I love when the last set of a block is continually being discovered even late in a Standard season. There are many new questions constantly being asked in the community and lots of new decks strategies are being put to the test. Speaking of putting new decks to the test, two weekends ago I played an Esper Miracle brew at the PTQ in Ottawa. Doug Potter sent me the list via Facebook a couple days prior to the event wondering if he himself should play it or not in Alberta the same weekend. The deck looked like so much fun that I actually put down my Huntmasters and sleeved up what turned out to be a very promising deck idea. Hurray for new decks! I ended up making a couple changes. Meanwhile Steve Tomik was already in bed mumbling and completely passed out at Kyle Ryc’s place in Ottawa on the eve of the PTQ. I didn’t get to bed myself until 2:30am but was happy and ready to battle in the morning. I love playing brews 🙂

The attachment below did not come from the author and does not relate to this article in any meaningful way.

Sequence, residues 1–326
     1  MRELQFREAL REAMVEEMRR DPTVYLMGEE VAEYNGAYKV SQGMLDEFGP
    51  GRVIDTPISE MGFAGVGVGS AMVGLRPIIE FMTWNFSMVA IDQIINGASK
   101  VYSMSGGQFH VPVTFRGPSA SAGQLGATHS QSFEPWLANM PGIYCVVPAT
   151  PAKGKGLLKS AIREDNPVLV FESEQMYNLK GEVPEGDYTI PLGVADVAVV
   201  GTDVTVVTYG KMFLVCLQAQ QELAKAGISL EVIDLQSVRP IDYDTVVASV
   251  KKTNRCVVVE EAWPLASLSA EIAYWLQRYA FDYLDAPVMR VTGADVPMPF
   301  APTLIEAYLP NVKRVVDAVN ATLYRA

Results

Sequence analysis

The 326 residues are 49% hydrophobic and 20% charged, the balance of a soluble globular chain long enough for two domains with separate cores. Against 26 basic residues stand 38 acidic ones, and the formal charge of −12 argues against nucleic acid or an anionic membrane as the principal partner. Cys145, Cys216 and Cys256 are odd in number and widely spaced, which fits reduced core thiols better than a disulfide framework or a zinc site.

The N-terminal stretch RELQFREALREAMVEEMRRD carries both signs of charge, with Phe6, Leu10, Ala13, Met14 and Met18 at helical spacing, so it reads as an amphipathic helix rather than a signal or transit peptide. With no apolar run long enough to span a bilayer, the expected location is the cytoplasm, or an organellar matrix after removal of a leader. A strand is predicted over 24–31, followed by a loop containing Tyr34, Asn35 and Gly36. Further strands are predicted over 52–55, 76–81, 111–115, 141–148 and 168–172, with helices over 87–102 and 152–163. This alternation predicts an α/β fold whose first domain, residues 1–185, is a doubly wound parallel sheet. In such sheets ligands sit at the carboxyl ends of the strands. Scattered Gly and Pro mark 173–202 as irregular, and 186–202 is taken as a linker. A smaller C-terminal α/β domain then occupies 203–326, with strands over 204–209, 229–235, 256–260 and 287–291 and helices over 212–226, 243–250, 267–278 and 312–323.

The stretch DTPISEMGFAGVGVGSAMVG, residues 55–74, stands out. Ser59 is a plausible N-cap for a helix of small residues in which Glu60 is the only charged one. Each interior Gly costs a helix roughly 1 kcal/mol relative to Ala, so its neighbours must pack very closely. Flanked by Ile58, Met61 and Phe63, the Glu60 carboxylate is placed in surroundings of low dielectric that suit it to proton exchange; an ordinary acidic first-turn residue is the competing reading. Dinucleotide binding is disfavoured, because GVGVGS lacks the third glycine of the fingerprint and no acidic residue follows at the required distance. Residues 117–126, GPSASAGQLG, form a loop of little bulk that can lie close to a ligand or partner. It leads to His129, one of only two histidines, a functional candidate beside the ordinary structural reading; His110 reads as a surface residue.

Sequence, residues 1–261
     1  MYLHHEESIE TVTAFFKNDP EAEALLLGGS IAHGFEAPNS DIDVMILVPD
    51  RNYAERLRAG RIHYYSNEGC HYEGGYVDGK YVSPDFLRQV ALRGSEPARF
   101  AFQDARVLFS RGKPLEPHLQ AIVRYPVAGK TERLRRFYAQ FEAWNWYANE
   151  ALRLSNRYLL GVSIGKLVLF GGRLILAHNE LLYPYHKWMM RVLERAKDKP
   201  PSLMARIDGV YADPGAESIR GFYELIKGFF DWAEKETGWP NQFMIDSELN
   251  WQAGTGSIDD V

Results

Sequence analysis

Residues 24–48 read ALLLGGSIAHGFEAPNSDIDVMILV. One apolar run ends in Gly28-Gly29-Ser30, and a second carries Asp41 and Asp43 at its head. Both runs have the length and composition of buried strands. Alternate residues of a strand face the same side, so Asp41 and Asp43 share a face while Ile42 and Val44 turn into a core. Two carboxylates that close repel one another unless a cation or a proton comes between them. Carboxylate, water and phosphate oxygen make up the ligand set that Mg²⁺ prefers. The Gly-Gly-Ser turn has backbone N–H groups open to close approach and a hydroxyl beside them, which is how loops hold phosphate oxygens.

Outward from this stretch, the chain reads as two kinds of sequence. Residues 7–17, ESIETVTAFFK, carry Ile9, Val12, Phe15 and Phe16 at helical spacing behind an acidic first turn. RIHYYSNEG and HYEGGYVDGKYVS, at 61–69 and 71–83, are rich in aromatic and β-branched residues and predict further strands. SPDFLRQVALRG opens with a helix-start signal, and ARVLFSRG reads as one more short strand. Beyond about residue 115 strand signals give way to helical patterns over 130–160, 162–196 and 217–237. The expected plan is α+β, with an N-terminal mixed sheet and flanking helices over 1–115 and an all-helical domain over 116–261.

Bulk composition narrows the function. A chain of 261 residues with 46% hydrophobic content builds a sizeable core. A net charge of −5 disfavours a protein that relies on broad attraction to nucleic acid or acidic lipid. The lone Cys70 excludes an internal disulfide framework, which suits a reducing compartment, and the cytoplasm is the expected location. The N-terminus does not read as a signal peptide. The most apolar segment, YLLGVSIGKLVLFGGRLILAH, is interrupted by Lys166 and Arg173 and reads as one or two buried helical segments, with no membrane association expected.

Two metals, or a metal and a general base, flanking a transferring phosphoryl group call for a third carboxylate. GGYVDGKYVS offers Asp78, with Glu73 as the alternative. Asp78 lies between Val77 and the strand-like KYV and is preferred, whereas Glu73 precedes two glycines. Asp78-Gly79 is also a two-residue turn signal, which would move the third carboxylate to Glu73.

Alexandre Hayne – “Noah you are the Conley Woods of Team Manadeprived”

I take pride knowing where I came from 🙂

I started out 0-1 and immediately discarded the deck. I should really just listen to my teammates and play real decks… I lost to a Sun Titan deck piloted by good friend Jonathan Bently and never felt like I did anything relevant. I can’t remember how many times I kept repeating over and over, “I hate my deck,” to Tomik the whole day regardless of my record after that round.